Joshua Rothman, writing for The New Yorker:
Thursday is the seventieth anniversary of the atomic bombing of Hiroshima. To mark it, we’ve made all of “Hiroshima,” John Hersey’s landmark 1946 report on the bombing and its aftermath, available online.
Hersey began working on “Hiroshima” in 1945, when William Shawn, who was then the managing editor of The New Yorker, pointed out that, although the bombing had been widely written about, the victims’ stories still remained untold. After going to Japan and interviewing survivors, Hersey decided to show the bombing through six pairs of eyes. Originally, “Hiroshima” was planned as a four-part series. In the end, however, it was all published in a single issue, in August of 1946. There was nothing unusual about the cover, which showed ordinary people enjoying summertime. Inside, however, there was only “Hiroshima”—no Talk of the Town, no cartoons, no reviews. The piece’s impact was immediate. Parts of it were excerpted in newspapers around the world, and it was read, in its entirety, on the radio.
Today, “Hiroshima” is undiminished in its intensity.
A novella-length article (I’ve seen people writing that it’s around 30K words) that reads much, much quicker, as all good journalism does. It’s an incredible document, obviously an astounding story, and, in my opinion, a must-read for any student of politics or history.
My tip—write down the six individuals' names and occupations (which Hersey explains in the first paragraph) so that you can go back and reference them the first couple of times he switches perspectives. And as is the norm with this piece, here’s the first paragraph:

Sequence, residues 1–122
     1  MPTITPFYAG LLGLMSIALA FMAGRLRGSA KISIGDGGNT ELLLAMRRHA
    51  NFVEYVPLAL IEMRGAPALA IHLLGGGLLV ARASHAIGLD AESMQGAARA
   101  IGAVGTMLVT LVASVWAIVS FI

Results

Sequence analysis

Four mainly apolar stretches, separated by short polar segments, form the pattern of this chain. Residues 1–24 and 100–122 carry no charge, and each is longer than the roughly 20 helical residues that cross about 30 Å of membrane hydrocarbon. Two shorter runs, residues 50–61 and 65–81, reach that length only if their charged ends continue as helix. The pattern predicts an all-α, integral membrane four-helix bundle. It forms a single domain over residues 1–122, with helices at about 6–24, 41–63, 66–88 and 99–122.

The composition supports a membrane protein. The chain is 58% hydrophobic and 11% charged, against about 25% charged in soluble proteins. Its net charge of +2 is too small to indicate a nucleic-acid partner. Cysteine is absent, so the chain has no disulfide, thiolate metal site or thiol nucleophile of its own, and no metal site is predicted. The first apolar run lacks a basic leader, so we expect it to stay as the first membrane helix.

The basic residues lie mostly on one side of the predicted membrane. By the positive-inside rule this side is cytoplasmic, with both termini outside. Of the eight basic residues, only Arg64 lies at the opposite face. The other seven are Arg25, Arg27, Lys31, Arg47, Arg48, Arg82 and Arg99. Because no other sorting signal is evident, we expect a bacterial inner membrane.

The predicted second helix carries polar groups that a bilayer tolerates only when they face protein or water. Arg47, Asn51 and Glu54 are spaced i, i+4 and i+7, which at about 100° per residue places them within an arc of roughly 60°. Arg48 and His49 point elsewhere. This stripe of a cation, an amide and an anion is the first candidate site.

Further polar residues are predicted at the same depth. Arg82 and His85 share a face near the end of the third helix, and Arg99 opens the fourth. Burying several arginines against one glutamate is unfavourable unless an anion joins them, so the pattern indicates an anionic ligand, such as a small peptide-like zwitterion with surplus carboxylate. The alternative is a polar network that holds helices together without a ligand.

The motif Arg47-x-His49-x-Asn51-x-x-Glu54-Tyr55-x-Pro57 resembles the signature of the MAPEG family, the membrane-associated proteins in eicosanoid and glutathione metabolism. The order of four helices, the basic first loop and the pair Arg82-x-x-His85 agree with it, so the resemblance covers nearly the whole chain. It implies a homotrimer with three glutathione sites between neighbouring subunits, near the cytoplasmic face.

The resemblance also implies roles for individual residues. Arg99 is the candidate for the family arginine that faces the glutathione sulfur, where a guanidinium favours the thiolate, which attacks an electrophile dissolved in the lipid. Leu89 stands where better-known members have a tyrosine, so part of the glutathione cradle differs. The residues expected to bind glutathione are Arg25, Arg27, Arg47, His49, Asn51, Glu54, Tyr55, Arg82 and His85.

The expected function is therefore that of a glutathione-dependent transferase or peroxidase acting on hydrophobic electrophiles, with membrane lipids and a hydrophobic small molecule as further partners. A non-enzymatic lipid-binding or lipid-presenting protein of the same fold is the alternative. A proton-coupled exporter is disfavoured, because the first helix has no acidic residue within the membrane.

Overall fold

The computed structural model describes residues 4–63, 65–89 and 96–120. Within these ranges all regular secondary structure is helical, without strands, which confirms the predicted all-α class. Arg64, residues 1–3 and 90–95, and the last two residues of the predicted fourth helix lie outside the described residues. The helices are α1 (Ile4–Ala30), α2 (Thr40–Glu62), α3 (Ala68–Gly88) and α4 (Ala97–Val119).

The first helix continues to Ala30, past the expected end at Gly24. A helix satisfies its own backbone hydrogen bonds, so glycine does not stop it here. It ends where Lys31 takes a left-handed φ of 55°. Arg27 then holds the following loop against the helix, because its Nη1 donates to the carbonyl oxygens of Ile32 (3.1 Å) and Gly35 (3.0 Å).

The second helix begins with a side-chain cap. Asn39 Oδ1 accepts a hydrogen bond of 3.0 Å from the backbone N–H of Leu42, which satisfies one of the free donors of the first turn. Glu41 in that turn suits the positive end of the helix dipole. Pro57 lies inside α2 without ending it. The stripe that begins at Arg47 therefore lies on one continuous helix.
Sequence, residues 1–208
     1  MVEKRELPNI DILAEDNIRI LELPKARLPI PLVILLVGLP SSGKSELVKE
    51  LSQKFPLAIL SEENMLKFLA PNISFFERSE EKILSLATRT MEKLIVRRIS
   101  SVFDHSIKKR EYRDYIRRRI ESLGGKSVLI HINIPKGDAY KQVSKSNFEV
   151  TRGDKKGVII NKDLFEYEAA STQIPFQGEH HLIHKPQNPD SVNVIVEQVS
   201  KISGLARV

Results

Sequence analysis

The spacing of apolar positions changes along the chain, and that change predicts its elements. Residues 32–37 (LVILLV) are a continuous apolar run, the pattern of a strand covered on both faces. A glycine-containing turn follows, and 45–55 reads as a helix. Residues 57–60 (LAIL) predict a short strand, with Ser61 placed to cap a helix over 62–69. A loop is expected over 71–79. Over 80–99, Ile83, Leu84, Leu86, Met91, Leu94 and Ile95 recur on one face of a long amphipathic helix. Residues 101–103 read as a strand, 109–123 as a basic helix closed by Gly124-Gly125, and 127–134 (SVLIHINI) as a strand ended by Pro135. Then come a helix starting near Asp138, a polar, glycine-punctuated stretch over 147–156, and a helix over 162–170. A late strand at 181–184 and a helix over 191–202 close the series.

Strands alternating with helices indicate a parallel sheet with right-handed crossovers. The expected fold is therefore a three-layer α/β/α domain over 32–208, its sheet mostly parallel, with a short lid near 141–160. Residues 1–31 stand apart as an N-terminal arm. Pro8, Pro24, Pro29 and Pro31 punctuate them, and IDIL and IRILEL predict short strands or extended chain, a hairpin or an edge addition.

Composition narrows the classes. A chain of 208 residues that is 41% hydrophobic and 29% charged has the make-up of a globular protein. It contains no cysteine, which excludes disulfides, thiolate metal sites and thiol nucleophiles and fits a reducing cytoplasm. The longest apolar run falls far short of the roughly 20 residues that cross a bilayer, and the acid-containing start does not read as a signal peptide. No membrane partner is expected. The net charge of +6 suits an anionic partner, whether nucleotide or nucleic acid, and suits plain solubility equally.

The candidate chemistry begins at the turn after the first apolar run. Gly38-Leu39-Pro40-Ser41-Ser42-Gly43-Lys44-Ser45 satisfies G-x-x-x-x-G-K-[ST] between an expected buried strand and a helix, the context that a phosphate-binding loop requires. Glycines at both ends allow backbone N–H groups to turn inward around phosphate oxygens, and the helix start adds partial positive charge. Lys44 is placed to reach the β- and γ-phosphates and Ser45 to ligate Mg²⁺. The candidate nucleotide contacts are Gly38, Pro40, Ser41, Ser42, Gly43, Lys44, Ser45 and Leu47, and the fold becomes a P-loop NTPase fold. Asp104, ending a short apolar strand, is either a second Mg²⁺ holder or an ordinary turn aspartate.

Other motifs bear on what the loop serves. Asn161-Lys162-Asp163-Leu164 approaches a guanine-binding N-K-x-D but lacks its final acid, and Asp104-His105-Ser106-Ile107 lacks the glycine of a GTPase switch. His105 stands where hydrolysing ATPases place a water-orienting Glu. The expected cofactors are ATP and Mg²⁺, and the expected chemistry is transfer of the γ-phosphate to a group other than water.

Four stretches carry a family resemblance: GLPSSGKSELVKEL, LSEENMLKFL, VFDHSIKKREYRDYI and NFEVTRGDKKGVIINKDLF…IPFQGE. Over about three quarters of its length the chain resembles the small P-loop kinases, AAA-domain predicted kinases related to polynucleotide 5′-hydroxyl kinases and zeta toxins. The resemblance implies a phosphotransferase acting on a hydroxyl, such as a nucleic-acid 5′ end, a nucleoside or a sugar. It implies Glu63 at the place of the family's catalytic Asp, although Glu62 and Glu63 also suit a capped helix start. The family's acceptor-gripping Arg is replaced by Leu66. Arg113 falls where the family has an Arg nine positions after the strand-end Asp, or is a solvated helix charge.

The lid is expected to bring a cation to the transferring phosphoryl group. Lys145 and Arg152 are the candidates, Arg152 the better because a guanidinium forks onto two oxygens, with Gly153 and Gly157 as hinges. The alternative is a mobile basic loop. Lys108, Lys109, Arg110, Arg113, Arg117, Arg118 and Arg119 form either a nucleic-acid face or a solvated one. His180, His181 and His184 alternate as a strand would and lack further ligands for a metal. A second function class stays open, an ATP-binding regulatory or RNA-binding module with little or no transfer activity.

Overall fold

At exactly fifteen minutes past eight in the morning, on August 6, 1945, Japanese time, at the moment when the atomic bomb flashed above Hiroshima, Miss Toshiko Sasaki, a clerk in the personnel department of the East Asia Tin Works, had just sat down at her place in the plant office and was turning her head to speak to the girl at the next desk. At that same moment, Dr. Masakazu Fujii was settling down cross-legged to read the Osaka Asahi on the porch of his private hospital, overhanging one of the seven deltaic rivers which divide Hiroshima; Mrs. Hatsuyo Nakamura, a tailor’s widow, stood by the window of her kitchen, watching a neighbor tearing down his house because it lay in the path of an air-raid-defense fire lane; Father Wilhelm Kleinsorge, a German priest of the Society of Jesus, reclined in his underwear on a cot on the top floor of his order’s three-story mission house, reading a Jesuit magazine, Stimmen der Zeit; Dr. Terufumi Sasaki, a young member of the surgical staff of the city’s large, modern Red Cross Hospital, walked along one of the hospital corridors with a blood specimen for a Wassermann test in his hand; and the Reverend Mr. Kiyoshi Tanimoto, pastor of the Hiroshima Methodist Church, paused at the door of a rich man’s house in Koi, the city’s western suburb, and prepared to unload a handcart full of things he had evacuated from town in fear of the massive B-29 raid which everyone expected Hiroshima to suffer. A hundred thousand people were killed by the atomic bomb, and these six were among the survivors. They still wonder why they lived when so many others died. Each of them counts many small items of chance or volition—a step taken in time, a decision to go indoors, catching one streetcar instead of the next—that spared him. And now each knows that in the act of survival he lived a dozen lives and saw more death than he ever thought he would see. At the time, none of them knew anything.